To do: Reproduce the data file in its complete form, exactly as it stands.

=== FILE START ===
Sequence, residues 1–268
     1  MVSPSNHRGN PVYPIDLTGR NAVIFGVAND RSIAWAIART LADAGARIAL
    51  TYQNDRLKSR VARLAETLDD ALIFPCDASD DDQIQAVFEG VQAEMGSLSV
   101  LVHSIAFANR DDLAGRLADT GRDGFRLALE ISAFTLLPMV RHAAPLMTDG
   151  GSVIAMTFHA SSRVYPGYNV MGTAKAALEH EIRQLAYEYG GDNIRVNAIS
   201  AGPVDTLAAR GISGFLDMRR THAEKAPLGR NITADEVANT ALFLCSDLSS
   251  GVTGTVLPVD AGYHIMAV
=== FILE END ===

Sequence, residues 1–268
     1  MVSPSNHRGN PVYPIDLTGR NAVIFGVAND RSIAWAIART LADAGARIAL
    51  TYQNDRLKSR VARLAETLDD ALIFPCDASD DDQIQAVFEG VQAEMGSLSV
   101  LVHSIAFANR DDLAGRLADT GRDGFRLALE ISAFTLLPMV RHAAPLMTDG
   151  GSVIAMTFHA SSRVYPGYNV MGTAKAALEH EIRQLAYEYG GDNIRVNAIS
   201  AGPVDTLAAR GISGFLDMRR THAEKAPLGR NITADEVANT ALFLCSDLSS
   251  GVTGTVLPVD AGYHIMAV